I saw some new type of Inkberry at the local nursery the otherday. A truely dwarf form that only grows two feet high, fruits, and is very dense. Like like a dense green mound. Unfortunately I can't remember the name of it.

    Bookmark   October 12, 2003 at 1:29PM
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jillhudock(z7 PA)

think the dwarf one is ilex glabra compacta

    Bookmark   October 13, 2003 at 4:47PM
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Jules(6 Ont)

That's exactly what it is. I purchased two of them. However they are female. )-:
The neverending search for a male. (-:

    Bookmark   October 15, 2003 at 7:29PM
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vonyon

I have some inkberries that I found on sale in the fall at local nurseries. They weren't marked male or female at any of the places that I have seen them. One person told me that they are poisonous and so nurseries do not want the liability of selling pairs. I found this hard to believe since a lot of berries are poisonous to humans. I did find that Solomon Holly Farm does stock one that is simply labelled as male (as I said above). Now upon further research I found this site which states that you don't need a male for inkberry (it does have male pollinators next to every other holly). Does anyone know the answer to the question: do you need a male inkberry in order to get berries?

Here is a link that might be useful: Allisonville Nursery

    Bookmark   January 9, 2004 at 7:36PM
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sowngrow(TX8)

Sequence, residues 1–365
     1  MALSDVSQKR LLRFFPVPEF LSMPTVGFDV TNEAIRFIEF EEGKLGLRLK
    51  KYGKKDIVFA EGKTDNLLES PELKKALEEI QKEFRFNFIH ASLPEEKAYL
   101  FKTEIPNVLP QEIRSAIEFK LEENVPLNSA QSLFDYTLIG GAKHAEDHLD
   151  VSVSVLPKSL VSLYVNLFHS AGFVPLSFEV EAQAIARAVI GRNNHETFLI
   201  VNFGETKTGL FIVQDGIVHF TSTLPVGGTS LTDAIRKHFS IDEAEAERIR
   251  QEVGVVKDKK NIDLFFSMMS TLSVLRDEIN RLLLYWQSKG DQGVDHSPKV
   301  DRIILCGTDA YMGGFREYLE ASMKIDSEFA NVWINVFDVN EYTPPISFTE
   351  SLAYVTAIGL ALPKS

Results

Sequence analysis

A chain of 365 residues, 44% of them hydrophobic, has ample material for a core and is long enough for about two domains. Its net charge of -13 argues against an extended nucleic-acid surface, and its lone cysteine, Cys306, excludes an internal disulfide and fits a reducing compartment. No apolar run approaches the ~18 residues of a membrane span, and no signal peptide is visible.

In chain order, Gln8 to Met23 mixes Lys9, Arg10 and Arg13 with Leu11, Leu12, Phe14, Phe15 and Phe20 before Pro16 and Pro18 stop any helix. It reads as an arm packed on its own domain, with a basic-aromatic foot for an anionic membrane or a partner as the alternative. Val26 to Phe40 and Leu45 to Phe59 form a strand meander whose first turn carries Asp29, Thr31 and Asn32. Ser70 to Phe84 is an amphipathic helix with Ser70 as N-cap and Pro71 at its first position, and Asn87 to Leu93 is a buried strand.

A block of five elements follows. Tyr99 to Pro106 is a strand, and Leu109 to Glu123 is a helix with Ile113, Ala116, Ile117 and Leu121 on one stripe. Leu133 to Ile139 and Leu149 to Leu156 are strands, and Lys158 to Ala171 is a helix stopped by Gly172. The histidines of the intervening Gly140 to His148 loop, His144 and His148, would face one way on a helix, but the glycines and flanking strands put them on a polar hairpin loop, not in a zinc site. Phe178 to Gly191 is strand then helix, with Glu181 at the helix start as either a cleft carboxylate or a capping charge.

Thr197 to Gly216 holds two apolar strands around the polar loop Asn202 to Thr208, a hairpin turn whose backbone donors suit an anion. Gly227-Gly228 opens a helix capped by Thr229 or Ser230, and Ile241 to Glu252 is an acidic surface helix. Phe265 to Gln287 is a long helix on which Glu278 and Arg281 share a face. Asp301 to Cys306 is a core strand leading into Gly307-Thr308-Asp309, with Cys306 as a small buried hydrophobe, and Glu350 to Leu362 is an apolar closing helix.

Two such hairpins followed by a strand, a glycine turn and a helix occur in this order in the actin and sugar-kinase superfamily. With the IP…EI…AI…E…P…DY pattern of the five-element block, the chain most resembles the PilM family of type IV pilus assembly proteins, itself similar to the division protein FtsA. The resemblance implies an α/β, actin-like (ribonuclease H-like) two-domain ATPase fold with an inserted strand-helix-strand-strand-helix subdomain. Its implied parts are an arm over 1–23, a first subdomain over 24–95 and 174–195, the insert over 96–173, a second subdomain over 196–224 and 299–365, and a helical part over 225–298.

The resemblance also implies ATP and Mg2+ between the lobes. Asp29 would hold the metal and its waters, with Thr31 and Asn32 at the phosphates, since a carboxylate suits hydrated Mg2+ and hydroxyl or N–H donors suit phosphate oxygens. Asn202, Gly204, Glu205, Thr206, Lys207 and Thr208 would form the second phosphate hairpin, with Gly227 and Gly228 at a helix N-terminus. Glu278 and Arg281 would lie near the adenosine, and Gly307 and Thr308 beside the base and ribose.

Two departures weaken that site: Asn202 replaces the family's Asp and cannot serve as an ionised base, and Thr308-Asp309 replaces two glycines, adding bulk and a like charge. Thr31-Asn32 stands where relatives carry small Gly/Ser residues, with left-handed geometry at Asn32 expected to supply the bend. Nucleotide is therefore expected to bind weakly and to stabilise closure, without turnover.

I don't know about the male/female question however, the info provided here is very informative if you've planted or are intending to plant this holly.

Here is a link that might be useful: Inkberry

    Bookmark   January 9, 2004 at 10:11PM
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sowngrow(TX8)

Here's another link with info. stating both male and female are necessary for berry production:

Here is a link that might be useful: Inkberry info.

    Bookmark   January 9, 2004 at 10:14PM
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vonyon

Thanks Sown. The first site is what I call pokeweed. That is a different plant than I am talking about. I guess they call that inkberry also. I was referring to the holly inkberry that was from the second site. I am going to guess that you need a male of the species since it is a holly and all hollies (to my knowledge are dioecious. I am waiting for a copy of Dirr's book to arrive and I guess I'll look it up there also. Thanks for the info!

    Bookmark   January 10, 2004 at 5:26PM
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gingerhill(7 LI NY)

Thanks for all the responses! :) I wasn't aware they required male/female to berry.

    Bookmark   January 18, 2004 at 9:15AM
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newyorkrita(z6b/7a LI NY)

I am not sure how much the birds actually like Inkberries as mine still has the berries from last year.

    Bookmark   May 6, 2004 at 7:05PM
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vonyon

Rita: Do you have both a male and a female? Where did you buy yours from?

    Bookmark   May 6, 2004 at 8:32PM
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newyorkrita(z6b/7a LI NY)

Sorry, vonyon, never saw this post until now. Don't know how I missed it.

I only have a female that I bought at a local nursery. If I don't see a male locally I guess I will have to mail order one in the spring. I just thought I would wait and see if it got pollinated since you never know whats growing in the neightborhood.

    Bookmark   July 19, 2004 at 1:26PM
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newyorkrita(z6b/7a LI NY)